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Windows 7: Poor Emulation on Windows 7


26 May 2011   #1

Windows 7 Premium 64 bit
 
 
Poor Emulation on Windows 7

Can anyone explain to me why 64-bit Windows 7 is incapable running 32-bit programs in compatibility mode for Windows XP, or other version of Windows?

In fact, more often than not (maybe 90% of the time) Windows will refuse to even open any older program that I try to run in "compatiblity mode", why is this?


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26 May 2011   #2

Windows 7 Pro-x64
 
 

I have some programs from 1999 and the early 2000s loaded and didn't even set the compatibility mode or load under XP-VM. They work except one has a problem with printing. I have to print to MS XPS Document Writer then print from there. Other than that, they are fully functional. I think it depends on how they were written and whether they use DMA routines. Some questionable programming methods aren't supported any more. As well they shouldn't.
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27 May 2011   #3

Windows 7 Ultimate x64, XP Mode, W8.1 Preview VM - 7 Pro x64 second remote tower
 
 

Older pc games typically will fare far better on any newer version of Windows including the 64bit 7 over desktop apps as a rule. Some programs written strictly for XP will only be found to work on the 32bit flavor when opting to use the compatibility mode option which wouldn't install or run on the 32bit Vista.

The one large advantage for running the 32bit flavor becomes apparent when that displays far more backward compatibility even without the compatibilty option set. The best thing to try on the 64bit however would be the compatibility troubleshooter to see if that will help. That's found when right clicking on the installer's or main program's executable in the right click menu options which will have you run the installer with that open.
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29 May 2011   #4

Windows 7 Ultimate X64 SP1
 
 

By refuses to open, I assume you mean you get the "you need a 32 bit Operating system" message?

Actually, the problem isn't so much with 32 bit, as it is 16-bit.

32 bit Windows will (usually) happily run 16-bit programs, but 64 bit won't. Unfortunately Windows gets itself a little confused and suggests you need a 32 bit OS instead of a 16 bit one. Actually windows is correct, because as i said, 32 bit will usually happily run 16-bit, it's just identifying the coding wrong. (It assumes "can't run" means 32 bit)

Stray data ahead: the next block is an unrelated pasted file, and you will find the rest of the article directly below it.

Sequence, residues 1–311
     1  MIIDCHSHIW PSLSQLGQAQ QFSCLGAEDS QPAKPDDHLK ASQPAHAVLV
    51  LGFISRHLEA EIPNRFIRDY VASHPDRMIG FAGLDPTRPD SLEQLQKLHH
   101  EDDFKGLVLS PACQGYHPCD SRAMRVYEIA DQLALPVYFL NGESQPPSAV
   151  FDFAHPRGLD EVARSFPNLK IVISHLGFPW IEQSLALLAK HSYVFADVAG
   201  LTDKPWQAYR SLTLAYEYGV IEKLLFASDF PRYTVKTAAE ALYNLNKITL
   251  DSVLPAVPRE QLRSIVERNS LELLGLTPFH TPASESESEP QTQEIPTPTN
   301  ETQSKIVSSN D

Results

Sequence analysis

There is no "emulation" going on anywhere with compatibility mode, Windows is just reporting a different version string, to "trick" the program into thinking it's XP. It doesn't actually emulate XP at all. In my experience, the "compatibility troubleshooter" is of limited usefulness, as it tends to just always plump for XP SP2 regardless of actual compatibility.

As your running Ultimate, there is always XP Mode: Download Windows XP Mode which is a VM. That should quite happily run most old 16-bit games and programs
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29 May 2011   #5

Windows 7 Ultimate x64, XP Mode, W8.1 Preview VM - 7 Pro x64 second remote tower
 
 

DOSBox is another option as well as other VM wares depending on the type of program being run. There are some 16bit emulators like the one for seeing the old Legacy game Duke3D run on the 64bit as well as 32bit 7.

DOSBox is one option that will take on old 8bit or 16bit dos games and apps running them in an emulated dos windowed environment. For old 16bit Windows games and apps along with many early old 32bit apps on the other hand you might end up needing to dual boot with one of the previous versions to see them running again if they were written for one version only.

What would run on a normal XP install with compatibility mode but not on any VM due to a need for direct access to physical hardwares. Most pc games won't even run on the XP Mode intended mainly for things like older versions of MS Office products and other desktop softwares in case you have any old games you are trying to run.

Typically old pc games usually end up managing far better since most are crossversion compatible to begin with. Here I have some 98-XP games running on the 64bit 7 for a start. Now look at some old 98-ME desktop app and no go! Old apps for 2000 however are intended to run on an NT cored version of Windows and would fare better on the XP Mode.
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05 Jun 2011   #6

Windows 7 Premium 64 bit
 
 

For some of the programs I have in mind, DOSBox is not an option as these are specifically Windows programs and DOSBox will only run DOS programs.

Quote   Quote: Originally Posted by severedsolo
By refuses to open, I assume you mean you get the "you need a 32 bit Operating system" message?
Yep, thats the one. You need a 32-bit operating system. Or contact your vendor for a 64-bit version.

The compatibility troubleshooter is just as bad. I ran compatibility troubleshooter on one of the programs I was trying to get working and it came up with Windows XP SP?? then when I clicked "Run using these settings" (from inside the troubleshooter) nothing appeared to happen, didn't even get the above mentioned dialog box.